(Adds trade association and Boehner comment, background on
By Mark Felsenthal
WASHINGTON Aug 27 The U.S. budget picture will
likely worsen this year as companies wait to see what actions
Congress will take on taxes in coming months, a report from the
Congressional Budget Office showed on Wednesday.
The U.S. budget deficit for fiscal year 2014 ended Sept. 30
will be an estimated $506 billion, a slight increase from the
$492 billion projected in April, based on lower-than-expected
corporate tax receipts, the non-partisan CBO said.
Revenues to the government from company tax payments are
expected to total $315 billion, down from an estimated $351
billion in April.
The bigger budget deficit comes because companies are
deferring tax payments while they wait for Congress to decide
whether to revive expired tax breaks, CBO officials said.
Lawmakers are expected to take up legislation after the November
elections to renew through 2015 a mix of 50 temporary tax
breaks, known in Congress as "tax extenders," that expired at
the end of 2013.
The extenders bill would continue tax relief for a wide
range of activities, including auto race tracks, wind energy,
school teacher expenses, Puerto Rican rum producers and
Businesses see the extension of the tax breaks as necessary
while Congress dithers on a broader tax overhaul.
"Congress must continue the now-expired tax extenders as an
important bridge to comprehensive tax reform that will give
businesses large and small the certainty they need to plan, grow
and invest," said Carolyn Lee, senior director of tax policy at
the National Association of Manufacturers.
Another corporate tax issue, the trend of companies moving
to other countries to reduce their tax bills, has been in the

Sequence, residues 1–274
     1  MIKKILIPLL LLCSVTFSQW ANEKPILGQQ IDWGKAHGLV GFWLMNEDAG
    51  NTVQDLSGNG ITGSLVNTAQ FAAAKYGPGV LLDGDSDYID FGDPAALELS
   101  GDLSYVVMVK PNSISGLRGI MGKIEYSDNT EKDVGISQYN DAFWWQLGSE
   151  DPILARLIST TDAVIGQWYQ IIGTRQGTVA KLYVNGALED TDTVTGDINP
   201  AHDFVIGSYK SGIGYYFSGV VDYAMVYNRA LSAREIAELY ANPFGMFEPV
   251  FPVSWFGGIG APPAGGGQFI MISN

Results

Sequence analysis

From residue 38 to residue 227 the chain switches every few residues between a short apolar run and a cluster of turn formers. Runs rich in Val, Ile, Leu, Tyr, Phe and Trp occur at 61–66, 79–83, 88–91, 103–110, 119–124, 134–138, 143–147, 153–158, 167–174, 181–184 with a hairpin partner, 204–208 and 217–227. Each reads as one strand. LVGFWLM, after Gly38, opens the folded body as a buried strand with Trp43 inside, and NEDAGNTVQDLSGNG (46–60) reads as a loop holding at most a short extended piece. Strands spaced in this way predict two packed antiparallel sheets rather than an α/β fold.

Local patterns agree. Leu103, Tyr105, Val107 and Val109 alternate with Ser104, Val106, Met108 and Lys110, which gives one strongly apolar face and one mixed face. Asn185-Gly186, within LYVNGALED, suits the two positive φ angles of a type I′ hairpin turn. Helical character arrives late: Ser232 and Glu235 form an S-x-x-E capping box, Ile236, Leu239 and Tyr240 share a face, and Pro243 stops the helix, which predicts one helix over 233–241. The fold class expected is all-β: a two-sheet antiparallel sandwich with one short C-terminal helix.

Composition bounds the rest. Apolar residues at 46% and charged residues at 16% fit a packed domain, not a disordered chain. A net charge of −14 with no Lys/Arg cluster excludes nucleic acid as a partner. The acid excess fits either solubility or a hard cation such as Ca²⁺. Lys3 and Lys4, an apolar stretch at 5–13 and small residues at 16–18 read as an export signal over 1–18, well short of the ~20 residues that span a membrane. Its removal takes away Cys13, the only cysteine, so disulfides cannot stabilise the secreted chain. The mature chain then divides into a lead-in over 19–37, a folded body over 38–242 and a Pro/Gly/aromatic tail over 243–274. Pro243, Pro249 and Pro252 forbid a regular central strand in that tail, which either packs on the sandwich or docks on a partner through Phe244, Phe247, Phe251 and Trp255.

spotlight in recent months as the administration weighs actions
to discourage the practice. President Barack Obama has called
the strategy "unpatriotic."
Burger King Worldwide Inc's plans to buy Canadian
coffee and doughnut chain Tim Hortons Inc, is the
latest high profile case of a U.S. firm seeking lower tax rates
abroad. Investors and tax experts say the main reason for Burger
King to move its domicile to Canada is to avoid having to pay
double taxation on profits earned abroad, which the company
would probably be subject to if it remains in the United States.
In addition, the U.S. Treasury Department is looking into
increased use of the master limited partnerships, which are
publicly traded business structures that pay no corporate income
tax. The popularity of such structures could hurt future tax
revenues, officials have said.
The budget deficit is expected to fall to $469 billion in
2015, but then begin to rise as spending outpaces revenues, CBO
said. Climbing deficits would result in growing levels of
federal debt that would in turn weigh on federal spending
options and economic growth, CBO warned.
The deficit is expected to rise to $960 billion in 2024 if
current federal tax and spending laws remain unchanged, the
Some lawmakers and analysts argue that what matters is that
the U.S. deficit remains steady in relation to the growth of the
U.S. economy. U.S. budget deficits are expected to remain less
than 3 percent of gross domestic product through 2018 but grow
after that, rising to nearly 4 percent of GDP in 2022 as
revenues fail to keep pace with spending, the budget agency
CBO said its projections are based on the assumption that
the economy will grow at a 1.5 percent annual pace this year but
then speed up to an annual rate of 3.2 percent in 2015 and 3.5
percent in 2016.
House Speaker John Boehner expressed concern about the
sluggish growth forecast and called on congressional Democrats
to do more to create jobs.
"I again call on Senate Democrats to stop standing in the
way of growth and work with us to get our economy moving again,"
While the Republican-led House of Representatives has passed
a number of measures aimed at spurring growth, many of them are
controversial, such as bills to eliminate the Affordable Care
Act or authorize construction of the Keystone XL pipeline that
would transport crude oil from Canada, and are unlikely to
(Reporting by Mark Felsenthal; Editing by Eric Beech and Chris